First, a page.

Two mature sockeye salmon spawning in a creek

DFO Decision: Discovery Island Fish Farms remain closed

According to the Fisheries and Oceans (DFO) press release of February 18, 2022, “There are multiple stressors on wild salmon, including: climate change; habitat degradation and destruction; regulated fishing as well as illegal, unreported, and unregulated fishing. Given the state of Wild Pacific Salmon, the Government of Canada is taking a highly precautionary approach to manage Atlantic salmon aquaculture in the Discovery Islands area.”

Licenses for the 15 remaining fish farms in this region will not be reissued.

Unstocked Fish Farm at Raza Island, just off the northern tip of Cortes – courtesy Alexandra Morton’s Twitter feed

“The decision to not issue (licenses to) salmon farms in the Discovery Islands area is devastating for all coastal communities who rely on the aquaculture sector,” responded Brian Kingzett, Executive Director of the BC Salmon Farmers Association (BCSFA).

“As a sector, we saw the elimination of nearly a quarter of our farms in a single announcement. This resulted in companies laying off hundreds of employees from well-paid careers – in a region of Canada that is struggling to attract and retain its youth,” added Diane Morrison, Chair of the BCSFA and Managing Director of Mowi Canada West. 

Ignoring the claims of the Homalco First Nation, who oppose fish farms, they refer to the Discovery Islands as ‘the core territories of the Laich-kwil-tach and Klahoose First Nations.’

The DFO press release contains several references to the Cohen Commision (2012)

Justice Cohen found, “Salmon farming per se is not the problem. However, before introducing salmon farms into wild salmon habitat, DFO managers and scientists need to assess the risk to wild stocks and institute regulatory measures to minimize or eliminate the risk. If they conclude that regulatory measures cannot protect wild stocks, they can exercise their powers under the Fisheries Act to prohibit net-pen salmon farming.” (p 11, vol 3).  

He concluded the “state of scientific research about sockeye–fish farm interactions is not sufficiently developed to rule out diseases on salmon farms as contributing to the decline of Fraser River sockeye and posing future risks.” (p 37, vol 3) He also stated, “The potential harm posed by salmon farms to Fraser River sockeye salmon is serious, or irreversible.”(p 90, vol 3).

That was the basis of his comission’s recomendation #19: “On September 30, 2020, the Minister of Fisheries and Oceans should prohibit net-pen salmon farming in the Discovery Islands (fish health sub-zone 3-2) unless he or she is satisfied that such farms pose at most a minimal risk of serious harm to the health of migrating Fraser River sockeye salmon.”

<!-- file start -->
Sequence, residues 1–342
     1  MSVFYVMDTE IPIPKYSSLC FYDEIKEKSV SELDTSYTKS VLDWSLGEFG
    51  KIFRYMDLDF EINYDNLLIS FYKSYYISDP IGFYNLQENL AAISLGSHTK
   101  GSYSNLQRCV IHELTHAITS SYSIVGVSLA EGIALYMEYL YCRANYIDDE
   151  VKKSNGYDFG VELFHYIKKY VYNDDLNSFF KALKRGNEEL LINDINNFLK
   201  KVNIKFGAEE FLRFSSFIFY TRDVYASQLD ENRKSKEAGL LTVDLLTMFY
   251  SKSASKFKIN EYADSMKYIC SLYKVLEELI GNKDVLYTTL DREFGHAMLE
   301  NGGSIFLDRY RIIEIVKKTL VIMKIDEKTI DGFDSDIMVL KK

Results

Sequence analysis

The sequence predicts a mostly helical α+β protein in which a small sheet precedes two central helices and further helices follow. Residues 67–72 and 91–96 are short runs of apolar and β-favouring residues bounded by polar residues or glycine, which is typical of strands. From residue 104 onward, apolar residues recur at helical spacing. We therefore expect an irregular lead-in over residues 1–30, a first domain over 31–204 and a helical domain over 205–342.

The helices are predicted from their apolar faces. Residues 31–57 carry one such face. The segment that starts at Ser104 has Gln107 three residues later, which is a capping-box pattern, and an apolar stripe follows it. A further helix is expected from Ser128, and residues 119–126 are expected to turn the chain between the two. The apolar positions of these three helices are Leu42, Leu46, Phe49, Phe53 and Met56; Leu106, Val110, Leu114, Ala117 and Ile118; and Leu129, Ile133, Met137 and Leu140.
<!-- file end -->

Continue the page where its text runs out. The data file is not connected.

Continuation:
On December 17, 2020, Bernadette Jordan, Minister of Fisheries, Oceans, and the Canadian Coast Guard, announced that the Discovery Island Fish farms must be free of fish in 18 months. 

A Federal court subsequently ruled that the government had not been procedurally fair to the fish farm industry, “They were denied the opportunity to meaningfully respond to concerns.” 

Consequently, DFO held extensive consultations with the industry and First Nations from June 22, 2022 to December 23, 2022.

The DFO press release announcing the decision to not reissue licenses for fish farms in the Discovery Islands, states, “Recent science indicates that there is uncertainty with respect to the risks posed by Atlantic salmon aquaculture farms to Wild Pacific Salmon in the Discovery Islands area, as well as to the cumulative effect of any farm-related impacts on this iconic species.”

Kingzett responded, “The Federal government continues to demonstrate a lack of care for rural coastal communities and continues to put the interests of activists above the people who grow Canada’s food.”

This statement ignores the findings of peer reviewed papers such as: 

 Kingzett does endorse a recently released DFO report which does not cite any scientific reports since 2019 as sources (pp 24-27 of report).

Sixteen scientists, with a cumulative record is over 1500 peer-reviewed scientific papers, wrote the Ministry, “This report falls far short of the standards of credible independent peer review and publishable science.” 

In her decision, Murray states,  “The state of wild Pacific salmon is dire, and we must do what we can to ensure their survival. This was a difficult but necessary decision. By taking an enhanced precautionary approach in the Discovery Islands area, the Government of Canada will help ensure the well-being of wild Pacific salmon for our children and grandchildren.”

Originally published on Feb 18, additional information added Feb 20, 2023.

Top image credit: Spawning sockeye Salmon – Image from cover of the Cohen Commission

Sign-up for Cortes Currents email-out:

To receive an emailed catalogue of articles on Cortes Currents, send a (blank) email to subscribe to your desired frequency: